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9 Creative Campfire Dishes for Your Next Adventure

Published: July 19, 2018

Spending a weekend in the woods can be a highlight of the summer, but getting back to basics doesn’t mean you have to sustain yourself on hot dogs. Rough it like a professional this season with these simple methods for campfire cuisine. No gas stove required! 

Campfire Breadsticks  

With a clean stick and a package of crescent roll dough, you can make campfire breadsticks to add to any meal. Roll the dough into a long, thin strip and wrap it around the stick (tucking it at the ends so it doesn’t fall off), then cook it over the fire’s coals until browned. Enjoy with garlic and cheese or jam.  

Bread cooking over a campfire

(Shutterstock, Marina Lohrbach)

 

Foil Packet Dinners 

Doing the dishes at a campsite is tedious, but you can skip the cleanup by cooking a full meal in foil. The possible combinations of meats and veggies are endless. Use heavy-duty foil, fold up the sides and top to keep the moisture inside, and place the packets on burning coals for 20-30 minutes (or until your meat is cooked through). Try Tex Mex White Bean Chicken or Pineapple and Shrimp for gourmet fare by the fire.  

Bacon Skewers 

With metal skewers, there’s no need to soak them beforehand or worry about catching them on fire. For crispy, juicy bacon over an open campfire, weave your strips onto the skewer two-deep and place them on your grill grate over the embers for about 30 minutes, turning often. Make a hearty breakfast or BLTs without fussing with a skillet.  

Skewered bacon cooking over a campfire grill.

(National Park Service, Torie Hawn)

 

Coffee 

You don’t have to settle for instant coffee out-of-doors. Caffeine lovers can still get their fix with these low-tech (and low-cost) brewing gadgets: 

Pour-over — A simple plastic funnel with a disposable paper insert sits atop your mug, allowing a slow drip of joe. Heat the water with a metal kettle and pour carefully for one cup at a time. 

French press — Make coffee for the whole crew at once, but be careful camping with glass. Alternatively, try a sturdier camping French press.  

Aeropress — For campers who can’t go without their espresso, the Aeropress is an easy, quick way to make a strong brew. The plastic parts and reusable metal filter make for a quick cleanup and a perfect camping coffee companion.  

Coffee brewing on a campfire

(Shutterstock, Shaiith)

 

Vegetarian Chili and Cornbread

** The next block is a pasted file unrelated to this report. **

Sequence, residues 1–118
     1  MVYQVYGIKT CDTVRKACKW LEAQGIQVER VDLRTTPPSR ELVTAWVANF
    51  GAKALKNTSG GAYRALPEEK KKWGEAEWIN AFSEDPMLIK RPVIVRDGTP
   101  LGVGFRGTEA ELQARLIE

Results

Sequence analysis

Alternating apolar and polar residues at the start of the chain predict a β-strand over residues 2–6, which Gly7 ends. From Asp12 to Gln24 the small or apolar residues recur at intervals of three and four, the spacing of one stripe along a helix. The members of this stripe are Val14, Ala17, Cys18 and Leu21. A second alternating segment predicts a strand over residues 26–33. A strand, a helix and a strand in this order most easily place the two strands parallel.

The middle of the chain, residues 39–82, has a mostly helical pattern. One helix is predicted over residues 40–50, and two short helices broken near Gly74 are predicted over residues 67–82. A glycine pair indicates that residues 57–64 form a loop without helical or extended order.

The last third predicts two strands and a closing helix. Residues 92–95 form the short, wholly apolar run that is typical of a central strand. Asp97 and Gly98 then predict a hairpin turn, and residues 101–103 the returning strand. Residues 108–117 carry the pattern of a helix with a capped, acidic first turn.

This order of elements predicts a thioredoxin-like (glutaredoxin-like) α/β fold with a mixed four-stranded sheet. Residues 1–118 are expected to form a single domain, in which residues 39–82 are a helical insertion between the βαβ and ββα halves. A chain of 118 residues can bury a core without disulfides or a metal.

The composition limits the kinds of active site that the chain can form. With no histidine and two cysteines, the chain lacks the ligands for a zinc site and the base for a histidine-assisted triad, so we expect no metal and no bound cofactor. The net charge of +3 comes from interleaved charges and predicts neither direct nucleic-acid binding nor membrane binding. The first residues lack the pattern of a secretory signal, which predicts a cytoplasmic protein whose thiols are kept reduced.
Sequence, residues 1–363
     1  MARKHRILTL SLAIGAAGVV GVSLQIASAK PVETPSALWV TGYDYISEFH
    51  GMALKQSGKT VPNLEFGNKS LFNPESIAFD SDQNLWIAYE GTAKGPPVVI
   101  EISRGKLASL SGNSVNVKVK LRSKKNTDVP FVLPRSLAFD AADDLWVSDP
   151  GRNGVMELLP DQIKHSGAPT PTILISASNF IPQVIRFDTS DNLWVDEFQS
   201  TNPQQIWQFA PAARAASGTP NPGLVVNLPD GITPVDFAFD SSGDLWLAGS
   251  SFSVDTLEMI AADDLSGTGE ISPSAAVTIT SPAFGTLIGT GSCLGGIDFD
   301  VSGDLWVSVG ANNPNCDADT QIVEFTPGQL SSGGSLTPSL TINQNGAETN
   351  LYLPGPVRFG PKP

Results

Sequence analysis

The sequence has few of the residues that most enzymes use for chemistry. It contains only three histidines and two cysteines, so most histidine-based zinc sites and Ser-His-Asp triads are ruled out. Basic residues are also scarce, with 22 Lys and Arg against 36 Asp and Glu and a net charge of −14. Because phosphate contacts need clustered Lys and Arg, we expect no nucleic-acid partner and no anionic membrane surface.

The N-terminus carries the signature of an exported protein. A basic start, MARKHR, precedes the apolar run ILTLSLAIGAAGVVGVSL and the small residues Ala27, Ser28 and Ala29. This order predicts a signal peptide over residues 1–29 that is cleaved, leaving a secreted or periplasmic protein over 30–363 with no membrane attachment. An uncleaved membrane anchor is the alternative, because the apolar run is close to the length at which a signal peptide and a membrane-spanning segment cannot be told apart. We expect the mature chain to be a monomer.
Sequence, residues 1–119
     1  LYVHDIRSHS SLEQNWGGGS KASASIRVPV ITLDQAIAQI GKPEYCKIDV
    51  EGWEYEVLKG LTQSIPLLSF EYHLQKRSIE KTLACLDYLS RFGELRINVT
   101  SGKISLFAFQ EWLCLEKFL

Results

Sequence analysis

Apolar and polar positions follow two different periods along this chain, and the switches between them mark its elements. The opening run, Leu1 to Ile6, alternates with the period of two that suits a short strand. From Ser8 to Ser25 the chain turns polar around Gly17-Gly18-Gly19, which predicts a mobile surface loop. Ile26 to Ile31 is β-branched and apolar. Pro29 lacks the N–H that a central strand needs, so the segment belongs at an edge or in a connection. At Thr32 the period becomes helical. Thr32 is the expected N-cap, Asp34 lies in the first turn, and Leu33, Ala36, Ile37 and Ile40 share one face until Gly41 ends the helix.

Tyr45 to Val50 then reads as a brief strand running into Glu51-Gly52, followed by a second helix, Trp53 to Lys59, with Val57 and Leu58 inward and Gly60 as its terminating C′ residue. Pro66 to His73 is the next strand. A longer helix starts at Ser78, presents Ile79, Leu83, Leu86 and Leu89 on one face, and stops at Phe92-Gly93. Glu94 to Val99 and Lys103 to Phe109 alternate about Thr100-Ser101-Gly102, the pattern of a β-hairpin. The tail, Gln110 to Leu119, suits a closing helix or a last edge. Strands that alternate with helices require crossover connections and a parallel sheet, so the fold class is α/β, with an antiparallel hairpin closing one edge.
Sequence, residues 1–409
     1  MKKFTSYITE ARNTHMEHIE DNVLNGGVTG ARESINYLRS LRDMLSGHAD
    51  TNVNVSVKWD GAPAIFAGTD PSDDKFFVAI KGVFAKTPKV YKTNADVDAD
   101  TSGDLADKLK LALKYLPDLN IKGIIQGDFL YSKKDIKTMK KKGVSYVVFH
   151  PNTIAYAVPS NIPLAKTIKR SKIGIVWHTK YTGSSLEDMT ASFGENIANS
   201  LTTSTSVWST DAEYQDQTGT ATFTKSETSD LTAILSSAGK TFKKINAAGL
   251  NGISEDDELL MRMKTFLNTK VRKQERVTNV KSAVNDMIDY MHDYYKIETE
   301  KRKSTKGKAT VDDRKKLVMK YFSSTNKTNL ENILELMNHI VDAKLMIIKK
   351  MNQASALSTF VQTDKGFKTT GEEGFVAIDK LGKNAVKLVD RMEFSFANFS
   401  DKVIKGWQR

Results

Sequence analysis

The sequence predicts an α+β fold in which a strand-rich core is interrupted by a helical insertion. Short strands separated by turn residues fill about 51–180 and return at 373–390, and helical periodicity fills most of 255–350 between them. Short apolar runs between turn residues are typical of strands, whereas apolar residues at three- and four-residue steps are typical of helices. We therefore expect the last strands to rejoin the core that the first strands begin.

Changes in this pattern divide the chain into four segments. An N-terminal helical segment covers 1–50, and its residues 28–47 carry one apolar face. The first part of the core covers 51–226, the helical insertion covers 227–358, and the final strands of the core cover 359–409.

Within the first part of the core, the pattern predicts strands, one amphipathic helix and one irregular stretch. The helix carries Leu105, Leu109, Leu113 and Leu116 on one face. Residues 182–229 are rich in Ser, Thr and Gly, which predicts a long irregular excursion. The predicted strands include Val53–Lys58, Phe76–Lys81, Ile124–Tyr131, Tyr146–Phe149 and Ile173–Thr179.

With a Dutch oven atop campfire coals, you can make your chili and cornbread in one pot. Just sauté onions and garlic in oil before adding beans, peppers, tomatoes, zucchini, tomato paste, and spices. Prepare the cornbread mix while your chili is simmering, and add the batter to the top of the chili when you’re ready. Place coals on top of the lid, and before long you’ll have a hearty two-in-one dinner.  

A cooking pot is suspended over a buring campfire with branches

(Shutterstock, Jonson)

 

Breakfast Hash 

It doesn’t get much easier than frying up potatoes, veggies, and meat in a skillet and cracking some eggs over it. Skillet hash is a camping go-to, but you can always mix things up with sweet potatoes, turnips, chickpeas, pancetta, chorizo, and any spices you can imagine.  

Hash in a shallow pot.

(Shutterstock, Elena Veselova)

 

Chilaquiles 

Another skillet dish that can be as simple or as complex as you like are Mexican chilaquiles. Start by reducing a fresh salsa, store-bought or homemade, on the skillet. Add tortilla chips and stir to make a sort of stovetop casserole. Finally, crack some eggs over the top, and add your favorite Mexican cheese, chives, avocado, cilantro, and anything else you’d like.  

Tortilla chips with egg

(Flickr, Joyosity)

 

Chocolate Orange Cakes 

Maybe you never thought you’d bake a cake while camping. As it turns out, a whole, empty orange peel is perfect for baking a personal-sized chocolate dessert with a citrusy zing. Pour in the batter, wrap it up with heavy-duty foil, and set it on hot coals for 20-30 minutes.  

 Cast Iron Pies 

With a pie iron, you can make all sorts of sweet and savory sandwich creations. You put bread or dough with a filling into the iron container, close it up, and heat it in campfire coals for around 5 minutes. Try a Croque Monsieur or Blueberry Cheese-Stuffed French Toast.  

Blueberry pie in cast iron pots

(Shutterstock, Linda Parton)

 

What is your favorite food to prepare on a camping trip? Leave some ideas in the comments! 

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